Posts Tagged ‘Education Design’
February 12th, 2013 – The groundbreaking design of three Vittra Free School Organization’s in Stockholm are challenging the traditional learning environments for children. Rosan Bosch Studio has created imaginative, interactive, and colorful interiors that supports the unorthodox educational methods of the new age school. The three schools that Dutch-born artist Rosan Bosch have cleverly designed are located in Telefonplan, Södermalm, and Brotorp.
The design of Brotorp strives to support the school’s pedagogical methods and gives teachers and students the opportunity to work in different settings depending on the learning situation. The design solution comprises small caves for concentration and contemplation, a colorful cave with deep red upholstery, organic high tables for group work, and a soft lounge furniture for informal gatherings.
The schools have individually designed sections for three different age groups – a custom designed library and a multicolored podium are among the conspicuous design elements. In the preschool area, a large green structure occupies the space creating a multifunctional landscape for play and exploration.
The structure is built at children’s height and they will find comfort in the small pockets and niches – while at the same time adults can create an overview of the entire room.
With a similar design concept to Brotorp, principal designer Rosan Bosch has transformed common areas at Södermalm into an inspiring learning environment that brings together education and leisure.
Crystal chandeliers, colorful caves and a library that opens like a treasure chest. Here, the school has 350 students and is located in a historic building in central Stockholm.
“Rosan Bosch has created a learning environment that helps us keep our educational visions into reality,” says Annica Ångell, rector of Vittra Södermalm. “She has created an environment that gives the students and teachers the opportunity to chose from different environments depending on their needs. It’s a huge support in their daily work.”
(Photography Courtesy of Rosan Bosch Studio)
School kids worldwide are green with envy (we’ll admit it, we are too). The new Public School and Primary (CEIP) Roldan looks to the naked eye like an extreme miniature golf course, completely wrapped in Astroturf. The delightfully playful green carpet stretches up the walls and onto the angular roof, like a tenacious, climbing ivy. Situated on the plain of Campo de Cartagena, in southern Spain, the school will operate with the ideal of teaching from nature. The brainchild of Spanish based architecture firm Estudio Huma recently completed this extraordinary creative project. Within the grounds of the school, Huma also created a residential complex geared up to handle a the demands of a population influx.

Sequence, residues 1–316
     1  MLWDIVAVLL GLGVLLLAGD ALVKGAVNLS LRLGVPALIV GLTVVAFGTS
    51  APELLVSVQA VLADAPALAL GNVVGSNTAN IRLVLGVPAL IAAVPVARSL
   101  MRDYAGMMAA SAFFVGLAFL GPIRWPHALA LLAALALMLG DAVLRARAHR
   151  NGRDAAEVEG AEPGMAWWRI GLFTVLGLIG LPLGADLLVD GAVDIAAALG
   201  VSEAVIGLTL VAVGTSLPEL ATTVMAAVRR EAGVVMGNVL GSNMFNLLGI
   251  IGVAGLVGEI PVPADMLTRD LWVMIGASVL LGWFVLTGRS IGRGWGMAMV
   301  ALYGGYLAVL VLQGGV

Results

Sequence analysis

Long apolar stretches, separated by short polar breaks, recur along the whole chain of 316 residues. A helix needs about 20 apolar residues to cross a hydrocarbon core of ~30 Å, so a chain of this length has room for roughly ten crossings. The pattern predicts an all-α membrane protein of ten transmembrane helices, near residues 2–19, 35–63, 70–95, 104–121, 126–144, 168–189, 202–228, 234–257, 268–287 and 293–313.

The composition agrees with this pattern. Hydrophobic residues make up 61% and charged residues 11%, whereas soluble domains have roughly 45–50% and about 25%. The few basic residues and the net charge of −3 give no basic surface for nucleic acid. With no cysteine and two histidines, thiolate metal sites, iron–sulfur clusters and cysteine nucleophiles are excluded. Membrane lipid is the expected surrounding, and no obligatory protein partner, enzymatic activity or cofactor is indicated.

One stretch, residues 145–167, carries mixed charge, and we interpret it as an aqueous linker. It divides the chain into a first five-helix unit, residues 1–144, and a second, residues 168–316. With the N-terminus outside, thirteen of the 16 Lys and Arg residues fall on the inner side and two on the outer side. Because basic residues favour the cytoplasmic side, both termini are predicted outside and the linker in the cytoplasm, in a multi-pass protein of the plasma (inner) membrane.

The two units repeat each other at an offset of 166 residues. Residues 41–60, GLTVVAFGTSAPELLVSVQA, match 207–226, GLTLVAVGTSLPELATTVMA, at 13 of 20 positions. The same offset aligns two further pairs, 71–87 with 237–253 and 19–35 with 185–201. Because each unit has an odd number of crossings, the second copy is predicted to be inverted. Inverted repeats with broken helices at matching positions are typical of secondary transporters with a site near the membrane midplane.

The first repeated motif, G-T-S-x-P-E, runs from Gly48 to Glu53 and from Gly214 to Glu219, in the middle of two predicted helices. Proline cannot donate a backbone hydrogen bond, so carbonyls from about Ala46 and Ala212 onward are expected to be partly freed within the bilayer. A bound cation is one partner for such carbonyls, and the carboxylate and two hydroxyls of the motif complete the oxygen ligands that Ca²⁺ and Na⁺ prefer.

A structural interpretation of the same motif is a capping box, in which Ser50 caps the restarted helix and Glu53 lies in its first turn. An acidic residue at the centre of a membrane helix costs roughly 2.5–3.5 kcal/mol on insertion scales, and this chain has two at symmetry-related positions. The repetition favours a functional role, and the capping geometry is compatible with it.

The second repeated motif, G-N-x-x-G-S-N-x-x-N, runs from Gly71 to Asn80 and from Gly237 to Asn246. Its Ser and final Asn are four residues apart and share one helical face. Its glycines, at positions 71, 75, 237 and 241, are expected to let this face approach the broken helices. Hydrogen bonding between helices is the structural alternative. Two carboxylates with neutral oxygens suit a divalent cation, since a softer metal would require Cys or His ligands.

The architectural design of the jointing school uses the basic outline of a home and connects the units together to create a horizontal layout. But, the beauty of the school not only lies in its silhouette, but also it’s materiality. The entire structure is covered in turf grass, which was derived from the concept of creating natural body through the architecture.
The horizontal layout allows for easy expansion of the school as the town grows, a growth expected in coming years. Huma decided to create secluded playgrounds for the children by jointing the edges of some of the buildings to use the architecture as a protection mechanism.
The interiors of the facility were also design with minimalism in mind. The classrooms have an industrial feel with pops of green letters and numbers stuck to random walls and floors. Ultimately Huma created an extremely unique and imaginative educational establishment for the children of Roldon.
(Photographs By David Frutos)